The Life and Art of Mildred Valley Thornton, Sheryl Salloum. Mother Tongue Publishing Limited, Salt Spring Island, 2011. 158 pp $35.95
Reviewed by Janet Nicol
A unique story not to be overlooked, The Life and Art of Mildred Valley Thornton, is the fourth biography in a series of “Unheralded Artists of British Columbia.” Author Sheryl Salloum lovingly portrays Mildred Valley Thornton (1890 to 1967) from her early years in rural Ontario to her unconventional married life in Vancouver. Accompanying the text are several of Thornton’s masterful oil and watercolour paintings as well as family photographs.
Thornton’s legacy includes more than 300 portraits, most of First Nations people. She befriended and learned from her subjects and came to advocate on their behalf. Asked why she chose to paint First Nations people over other groups, Thornton simply said she considered them more interesting.
Several male aboriginal leaders sat for Thornton, but she also painted aboriginal women and vivid scenes of life on the reserves. Thornton painted quickly, as the author explains, skilfully capturing the spirit of her subjects. She felt an urgency to document what she feared was a disappearing way of life. This notion also compelled Thornton to share her paintings and knowledge of First Nations culture and traditions through writing and speaking engagements.
Thornton also painted Canadian landscapes. A few are compared favourably to Group of Seven artist Tom Thomson. Indeed, Thornton was “as Canadian as wheat,” as a contemporary commented.
She lived in a time of of domestic conformity for women, yet histories (such as this book) continue to emerge to indicate exceptions. Thornton was supported by her husband, John who shared in the raising of their twin sons Maitland and Jack, born in 1926, freeing her to spend time to paint and travel. Thornton was also involved with the Vancouver literary community after her family moved here from Saskatchewan in 1934 and was an art critic for the Vancouver Sun from 1944 to 1959.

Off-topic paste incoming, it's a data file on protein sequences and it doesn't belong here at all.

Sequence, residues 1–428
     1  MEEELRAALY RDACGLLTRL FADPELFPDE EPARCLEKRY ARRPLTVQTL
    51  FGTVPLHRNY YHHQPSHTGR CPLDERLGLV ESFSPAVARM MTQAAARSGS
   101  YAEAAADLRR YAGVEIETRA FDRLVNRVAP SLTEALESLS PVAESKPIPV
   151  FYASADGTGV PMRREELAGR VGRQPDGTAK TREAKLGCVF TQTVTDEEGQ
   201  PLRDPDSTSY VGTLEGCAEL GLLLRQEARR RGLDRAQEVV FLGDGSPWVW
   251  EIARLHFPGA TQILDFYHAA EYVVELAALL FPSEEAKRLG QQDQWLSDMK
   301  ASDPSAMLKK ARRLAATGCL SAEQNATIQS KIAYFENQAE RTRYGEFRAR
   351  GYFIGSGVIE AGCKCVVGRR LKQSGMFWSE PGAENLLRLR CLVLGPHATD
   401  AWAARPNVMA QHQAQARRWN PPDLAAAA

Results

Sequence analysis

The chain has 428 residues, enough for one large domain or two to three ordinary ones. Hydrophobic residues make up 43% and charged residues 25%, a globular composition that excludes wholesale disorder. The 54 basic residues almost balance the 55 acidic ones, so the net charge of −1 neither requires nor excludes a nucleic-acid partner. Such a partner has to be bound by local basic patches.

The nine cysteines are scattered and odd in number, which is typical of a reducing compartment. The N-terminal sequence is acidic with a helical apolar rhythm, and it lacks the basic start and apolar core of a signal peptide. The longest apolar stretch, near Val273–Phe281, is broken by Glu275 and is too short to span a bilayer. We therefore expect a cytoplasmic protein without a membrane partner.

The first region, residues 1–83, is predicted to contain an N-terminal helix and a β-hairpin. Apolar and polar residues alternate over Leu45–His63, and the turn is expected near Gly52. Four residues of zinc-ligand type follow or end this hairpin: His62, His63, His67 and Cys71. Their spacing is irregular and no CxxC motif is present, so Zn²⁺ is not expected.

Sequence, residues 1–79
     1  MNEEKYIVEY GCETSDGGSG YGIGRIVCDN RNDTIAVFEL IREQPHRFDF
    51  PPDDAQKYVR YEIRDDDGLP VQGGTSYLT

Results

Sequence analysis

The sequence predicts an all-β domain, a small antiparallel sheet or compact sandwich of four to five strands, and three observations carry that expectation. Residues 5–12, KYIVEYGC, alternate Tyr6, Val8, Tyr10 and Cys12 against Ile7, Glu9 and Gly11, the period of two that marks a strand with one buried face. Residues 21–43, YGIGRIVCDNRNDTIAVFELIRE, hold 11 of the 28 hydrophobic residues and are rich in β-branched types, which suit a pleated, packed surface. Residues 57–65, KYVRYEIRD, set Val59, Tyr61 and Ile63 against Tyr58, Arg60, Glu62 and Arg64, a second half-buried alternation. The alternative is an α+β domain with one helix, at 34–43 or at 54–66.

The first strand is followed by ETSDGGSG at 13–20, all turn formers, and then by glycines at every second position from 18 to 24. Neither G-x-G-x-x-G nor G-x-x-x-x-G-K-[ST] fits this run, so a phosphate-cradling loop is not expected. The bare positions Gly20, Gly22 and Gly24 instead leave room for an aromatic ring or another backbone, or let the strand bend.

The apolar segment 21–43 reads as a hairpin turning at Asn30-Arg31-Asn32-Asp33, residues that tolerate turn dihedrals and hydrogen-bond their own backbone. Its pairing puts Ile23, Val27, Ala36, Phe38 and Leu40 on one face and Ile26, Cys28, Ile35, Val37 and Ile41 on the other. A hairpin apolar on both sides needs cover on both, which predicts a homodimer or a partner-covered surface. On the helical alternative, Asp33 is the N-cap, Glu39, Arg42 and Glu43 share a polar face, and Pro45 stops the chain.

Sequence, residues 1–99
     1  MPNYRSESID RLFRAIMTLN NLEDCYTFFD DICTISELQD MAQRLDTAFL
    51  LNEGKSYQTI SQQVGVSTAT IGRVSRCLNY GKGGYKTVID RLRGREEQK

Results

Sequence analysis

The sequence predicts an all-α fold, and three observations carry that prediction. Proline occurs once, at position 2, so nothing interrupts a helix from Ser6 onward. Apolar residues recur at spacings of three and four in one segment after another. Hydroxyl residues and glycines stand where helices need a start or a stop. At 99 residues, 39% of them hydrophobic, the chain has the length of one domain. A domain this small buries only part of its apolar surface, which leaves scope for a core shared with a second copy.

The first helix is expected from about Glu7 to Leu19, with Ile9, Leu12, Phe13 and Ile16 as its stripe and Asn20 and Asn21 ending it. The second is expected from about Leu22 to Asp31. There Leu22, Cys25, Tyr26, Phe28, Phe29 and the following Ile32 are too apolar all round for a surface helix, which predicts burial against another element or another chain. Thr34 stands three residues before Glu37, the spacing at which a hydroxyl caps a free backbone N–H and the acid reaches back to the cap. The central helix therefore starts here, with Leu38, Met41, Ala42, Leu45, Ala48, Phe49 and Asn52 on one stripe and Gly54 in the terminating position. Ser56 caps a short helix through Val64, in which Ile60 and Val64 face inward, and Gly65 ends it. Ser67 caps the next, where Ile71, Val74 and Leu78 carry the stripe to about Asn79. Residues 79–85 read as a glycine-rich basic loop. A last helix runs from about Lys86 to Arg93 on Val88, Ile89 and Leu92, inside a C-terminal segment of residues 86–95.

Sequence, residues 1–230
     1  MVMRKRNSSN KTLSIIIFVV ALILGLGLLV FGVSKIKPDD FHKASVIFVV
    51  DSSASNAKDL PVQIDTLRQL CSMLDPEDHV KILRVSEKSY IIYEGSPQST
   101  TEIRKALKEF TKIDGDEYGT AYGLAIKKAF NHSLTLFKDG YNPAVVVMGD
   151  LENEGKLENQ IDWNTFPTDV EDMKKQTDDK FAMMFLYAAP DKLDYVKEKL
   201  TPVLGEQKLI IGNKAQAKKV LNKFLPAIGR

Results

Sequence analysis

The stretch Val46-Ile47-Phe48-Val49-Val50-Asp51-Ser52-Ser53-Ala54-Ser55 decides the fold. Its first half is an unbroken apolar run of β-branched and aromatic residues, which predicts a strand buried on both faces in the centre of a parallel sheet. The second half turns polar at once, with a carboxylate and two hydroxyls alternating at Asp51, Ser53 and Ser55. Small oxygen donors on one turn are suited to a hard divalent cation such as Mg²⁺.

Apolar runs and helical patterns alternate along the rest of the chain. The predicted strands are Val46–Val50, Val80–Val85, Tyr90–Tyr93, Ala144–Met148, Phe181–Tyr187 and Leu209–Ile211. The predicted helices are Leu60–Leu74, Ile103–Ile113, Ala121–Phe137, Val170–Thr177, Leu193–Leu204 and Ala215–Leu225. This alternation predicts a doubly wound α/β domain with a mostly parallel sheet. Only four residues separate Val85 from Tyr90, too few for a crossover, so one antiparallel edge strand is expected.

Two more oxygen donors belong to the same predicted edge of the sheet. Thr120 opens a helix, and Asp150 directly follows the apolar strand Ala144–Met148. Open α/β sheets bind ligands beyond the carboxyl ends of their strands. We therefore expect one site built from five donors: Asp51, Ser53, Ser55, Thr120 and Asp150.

Another unconventional woman of the times was Maisie Hurley, with whom Thornton befriended. Hurley began publishing The Native Voice newspaper in 1946 and Thornton was an occasional contributor.
Emily Carr was also a contemporary of Thornton’s with a similar interest in aboriginal culture. A quality which separates these artists, the author points out, is Thornton’s sociability and interest of other people. Perhaps because of this, unlike Carr, Thornton portrayed people in her art to the end of her life. The author observes that a male-dominated art world meant: “…the two most talented and independent female BC painters of the day never collaborated or celebrated their achievements; instead,they were forced to compete with one another.”
A wealth of source materials, detailed in extensive endnotes, allowed the author to successfully trace much of Thornton’s life, from her art school days in the mid-west of the United States to her final days as a widow in Vancouver’s Kerrisdale neighbourhood. Interviews with family members including a son, Jack Thornton, now living in Victoria, and two grandchildren Janet and John Thornton, enrich this story as well.
The author explores the reasons acclaim eluded Thornton, garnering viewpoints from members of the art community, past and present. Among her findings, Salloum notes Canadians tend to undervalue portraiture in favour of landscapes. The author also addresses the racial politics of Thornton’s (and others) art work in a sensitive and informed manner and considers its impact on Thornton’s legacy.
While in declining health in her final days, Thornton struggled to find an appropriate public space in Canada for her paintings. She didn’t want her collection broken up or sold to private collectors. The outcome of her efforts is yet another compelling story the author reveals in the concluding pages. Ultimately, the value given to Thornton’s work reflects who we are as Canadians as much as it reflects the reputation of this accomplished artist.
Reprinted from BC History , Winter, 2011
Watch for my interview with Mona Fertig, Mother Tongue Publishing, in Galleries West magazine, January 2012.